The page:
How to Pay for Assisted Living: 5 Ways You Haven’t Thought of

How to Pay for Assisted Living: 5 Ways You Haven’t Thought of

The most common ways people pay for assisted living are through their private funds, long-term care insurance, or by selling their home. However, there are other ways to fund senior living, including five options that you might not have thought about. At Heritage Communities, we want to be sure you are aware of all the options for funding excellent care.

5 ways to pay for assisted living that you might not have considered:

1. Aid & Attendance

Veterans eligible for a pension who need assistance can apply for Aid and Attendance to help fund senior living. Aid and Attendance is an addition to the monthly pension. To be eligible, you must meet one or more of the following criteria:

  • You need assistance to perform daily living tasks, such as bathing or eating.
  • You are bedridden, and must remain in bed when not undergoing medical treatment.
  • You are a nursing home resident due to a mental or physical disability.
  • You have a visual impairment that renders your eyesight to 5/200, or your visual field to 5 or fewer degrees.
  • If you are a surviving spouse, you must have been married to a Veteran for at least one year.

The application and approval process for Aid & Attendance can take up to nine months, but the VA pays retroactively upon approval of eligibility. The first benefit payment includes a lump sum to cover the months that the application was pending.

2. Home Equity Loans

A home equity loan, sometimes called a “second mortgage,” offers access to a large sum of cash drawn from the equity in your home. The loan is secured by the home. If you’re looking at very costly care for a severely ill parent, home equity lines of credit (HELOCs) from multiple sources—you, your parent, a sibling or two—could be your best option. A HELOC offers a way to quickly get cash from the value of a home to fund senior living. The money will have to be paid back, and your parent’s estate will have to repay a home equity loan that wasn’t paid in full. It’s a good idea to discuss this option with an estate attorney.

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3. Selling Life Insurance Policies

It may be possible to fund senior living by selling a life insurance policy through a process called “life insurance settlement.” You’ll most likely get less than the value of the policy but significantly more than surrendering or abandoning the policy, and the purchaser will take over premium payments. The value of a policy generally has to exceed $50,000, but the process is quick—usually under 30 days. The monies are put into an irrevocable trust that makes payments to the community. Families can set aside a certain amount for inheritance and decide how much to allocate for care.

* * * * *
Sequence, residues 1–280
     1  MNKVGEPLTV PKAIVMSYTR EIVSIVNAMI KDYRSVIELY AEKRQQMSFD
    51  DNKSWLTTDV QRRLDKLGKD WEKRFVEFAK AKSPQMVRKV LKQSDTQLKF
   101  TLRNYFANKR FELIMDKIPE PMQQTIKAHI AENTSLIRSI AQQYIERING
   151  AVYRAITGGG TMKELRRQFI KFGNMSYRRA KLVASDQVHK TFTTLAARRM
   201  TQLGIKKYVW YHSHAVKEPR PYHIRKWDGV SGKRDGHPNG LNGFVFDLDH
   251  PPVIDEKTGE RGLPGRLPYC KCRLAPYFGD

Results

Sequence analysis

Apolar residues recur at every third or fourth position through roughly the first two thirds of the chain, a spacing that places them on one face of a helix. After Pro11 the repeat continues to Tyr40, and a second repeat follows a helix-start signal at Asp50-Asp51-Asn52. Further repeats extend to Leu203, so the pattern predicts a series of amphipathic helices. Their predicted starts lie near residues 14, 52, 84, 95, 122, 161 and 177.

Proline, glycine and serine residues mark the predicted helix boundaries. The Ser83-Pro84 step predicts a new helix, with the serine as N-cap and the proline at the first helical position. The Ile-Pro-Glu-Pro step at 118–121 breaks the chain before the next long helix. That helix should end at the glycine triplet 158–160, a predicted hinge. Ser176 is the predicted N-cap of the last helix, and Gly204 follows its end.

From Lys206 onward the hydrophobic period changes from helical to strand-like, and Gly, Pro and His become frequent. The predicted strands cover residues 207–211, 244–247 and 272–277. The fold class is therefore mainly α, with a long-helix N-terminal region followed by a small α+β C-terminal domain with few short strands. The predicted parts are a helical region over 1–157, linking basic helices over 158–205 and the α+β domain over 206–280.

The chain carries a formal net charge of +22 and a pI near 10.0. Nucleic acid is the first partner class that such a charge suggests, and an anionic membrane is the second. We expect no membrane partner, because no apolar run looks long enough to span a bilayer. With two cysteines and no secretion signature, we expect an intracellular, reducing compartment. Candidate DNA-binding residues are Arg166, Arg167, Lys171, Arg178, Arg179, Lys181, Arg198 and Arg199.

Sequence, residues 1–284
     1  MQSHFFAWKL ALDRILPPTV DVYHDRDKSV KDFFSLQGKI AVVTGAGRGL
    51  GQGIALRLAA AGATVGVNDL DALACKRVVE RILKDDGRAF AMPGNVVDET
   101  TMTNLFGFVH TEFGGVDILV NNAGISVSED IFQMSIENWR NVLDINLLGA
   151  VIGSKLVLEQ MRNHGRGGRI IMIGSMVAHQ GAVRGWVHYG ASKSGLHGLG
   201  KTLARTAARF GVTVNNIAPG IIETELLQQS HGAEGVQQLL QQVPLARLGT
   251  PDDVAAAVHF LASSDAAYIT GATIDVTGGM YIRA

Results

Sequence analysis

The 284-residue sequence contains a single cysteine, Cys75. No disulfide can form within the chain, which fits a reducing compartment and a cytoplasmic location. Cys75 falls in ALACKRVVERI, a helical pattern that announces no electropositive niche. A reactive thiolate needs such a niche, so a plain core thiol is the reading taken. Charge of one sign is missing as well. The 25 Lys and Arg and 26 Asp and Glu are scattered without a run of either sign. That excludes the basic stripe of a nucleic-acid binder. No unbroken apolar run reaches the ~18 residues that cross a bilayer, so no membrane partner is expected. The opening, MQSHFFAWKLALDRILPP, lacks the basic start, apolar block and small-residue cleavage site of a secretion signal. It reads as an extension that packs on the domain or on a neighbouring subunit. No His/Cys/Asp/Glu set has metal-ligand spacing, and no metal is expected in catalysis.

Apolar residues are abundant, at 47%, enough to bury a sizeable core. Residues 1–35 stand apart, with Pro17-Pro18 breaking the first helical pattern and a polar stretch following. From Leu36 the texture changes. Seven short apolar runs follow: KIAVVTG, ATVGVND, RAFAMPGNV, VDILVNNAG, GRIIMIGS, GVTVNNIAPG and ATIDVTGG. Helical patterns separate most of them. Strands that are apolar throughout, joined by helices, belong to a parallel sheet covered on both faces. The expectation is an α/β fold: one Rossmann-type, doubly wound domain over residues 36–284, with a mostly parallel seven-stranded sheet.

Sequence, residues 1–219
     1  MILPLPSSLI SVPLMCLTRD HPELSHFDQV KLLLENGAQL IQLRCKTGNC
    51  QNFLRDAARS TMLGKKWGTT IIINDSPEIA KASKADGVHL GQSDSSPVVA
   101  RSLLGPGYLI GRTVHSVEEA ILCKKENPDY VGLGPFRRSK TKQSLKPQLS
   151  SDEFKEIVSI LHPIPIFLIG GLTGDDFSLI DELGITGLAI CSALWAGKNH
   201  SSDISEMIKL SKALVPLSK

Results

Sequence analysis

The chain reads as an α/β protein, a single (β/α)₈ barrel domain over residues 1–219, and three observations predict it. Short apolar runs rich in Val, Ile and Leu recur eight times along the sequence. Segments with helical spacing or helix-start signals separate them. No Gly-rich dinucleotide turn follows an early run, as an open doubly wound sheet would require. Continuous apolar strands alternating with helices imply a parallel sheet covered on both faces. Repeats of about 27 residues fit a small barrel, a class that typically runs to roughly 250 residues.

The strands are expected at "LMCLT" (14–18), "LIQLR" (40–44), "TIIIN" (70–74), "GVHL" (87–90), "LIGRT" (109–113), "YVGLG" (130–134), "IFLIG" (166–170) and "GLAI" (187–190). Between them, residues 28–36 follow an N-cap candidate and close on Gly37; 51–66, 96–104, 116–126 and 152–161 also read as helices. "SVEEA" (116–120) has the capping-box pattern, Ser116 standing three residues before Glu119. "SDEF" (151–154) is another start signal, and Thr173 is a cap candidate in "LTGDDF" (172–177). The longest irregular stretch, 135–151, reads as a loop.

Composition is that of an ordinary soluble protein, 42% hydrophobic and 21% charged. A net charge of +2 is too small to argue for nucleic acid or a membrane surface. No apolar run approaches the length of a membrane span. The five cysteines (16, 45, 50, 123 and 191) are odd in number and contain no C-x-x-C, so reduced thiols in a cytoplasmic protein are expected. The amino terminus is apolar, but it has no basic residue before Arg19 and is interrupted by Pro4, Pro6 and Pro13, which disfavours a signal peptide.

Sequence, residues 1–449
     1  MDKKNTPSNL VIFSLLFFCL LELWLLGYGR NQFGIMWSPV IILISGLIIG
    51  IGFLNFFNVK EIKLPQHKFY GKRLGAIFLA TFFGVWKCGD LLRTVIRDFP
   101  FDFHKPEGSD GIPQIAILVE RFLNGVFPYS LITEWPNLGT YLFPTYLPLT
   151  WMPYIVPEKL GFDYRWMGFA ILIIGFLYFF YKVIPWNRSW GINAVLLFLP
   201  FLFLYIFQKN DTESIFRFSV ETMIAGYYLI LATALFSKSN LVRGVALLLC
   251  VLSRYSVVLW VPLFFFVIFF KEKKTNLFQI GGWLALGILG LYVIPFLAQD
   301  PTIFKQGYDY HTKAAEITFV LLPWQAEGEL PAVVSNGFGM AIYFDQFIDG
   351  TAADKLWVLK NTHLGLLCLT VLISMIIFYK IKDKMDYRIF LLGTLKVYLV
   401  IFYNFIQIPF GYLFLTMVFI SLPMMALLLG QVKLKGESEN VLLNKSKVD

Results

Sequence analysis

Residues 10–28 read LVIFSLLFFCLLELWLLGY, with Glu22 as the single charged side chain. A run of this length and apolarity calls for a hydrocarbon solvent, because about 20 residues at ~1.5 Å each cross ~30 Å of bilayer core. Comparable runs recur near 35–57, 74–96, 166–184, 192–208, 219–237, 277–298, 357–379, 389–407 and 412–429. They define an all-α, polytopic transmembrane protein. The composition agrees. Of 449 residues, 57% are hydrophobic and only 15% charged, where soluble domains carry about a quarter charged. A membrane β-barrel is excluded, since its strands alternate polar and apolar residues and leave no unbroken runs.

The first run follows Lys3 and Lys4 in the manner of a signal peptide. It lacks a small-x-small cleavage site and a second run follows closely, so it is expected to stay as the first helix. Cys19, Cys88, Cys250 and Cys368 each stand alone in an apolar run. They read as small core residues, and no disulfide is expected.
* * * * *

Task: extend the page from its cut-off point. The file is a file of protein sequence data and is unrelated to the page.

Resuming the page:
Using a life insurance settlement to fund senior living lets you use the money you receive to pay for retirement and enjoy your remaining years with greater financial freedom.

4. Reverse Mortgage

Another method to fund senior living that many people don’t consider is a reverse mortgage, which as the name says, works opposite of a regular mortgage. A reverse mortgage is a type of home equity loan reserved for seniors 62 and older. Unlike traditional loans, borrowers don’t have to repay the money until they move and sell the home. So if one parent still lives in the home, or if you’re considering in-home care, this might be a viable option. If your parent never sells the home, the estate will have to repay the loan. Otherwise, the borrower may be able to take possession of the home.

5. Medicaid

Federal law requires Medicaid to cover home care services for seniors who are blind or who have another disability that limits functioning. Some states also cover care in personal care homes. According to, the exact services that Medicaid covers will vary by state and the specific program a senior enrolls in. All states offer some degree of personal care services (assistance with ADLs), but the ways in which they are administered differ widely. To gain access to Medicaid, you generally must show that your parent has little or no funds. That may require you to first exhaust other options, such as selling a home. Not all senior living communities can accept Medicaid. Heritage Communities are not able to accept Medicaid, but we are happy to refer you to other communities that might.

There’s more than one way to fund senior living. We can help you explore the options.

While the costs of assisted living can seem overwhelming, the peace of mind that comes with knowing your loved one is enjoying an environment designed for their safety and wellness is priceless. Still, you want to be sure to explore every possible source of financial assistance to help pay for it. At Heritage Communities, we are here to help you.

Compassion, trust, respect and fun. Core values at every Heritage Community. Explore our assisted living today. Download our free guide, The Complete Guide to Choosing Between Senior Living Options. Or contact us today.

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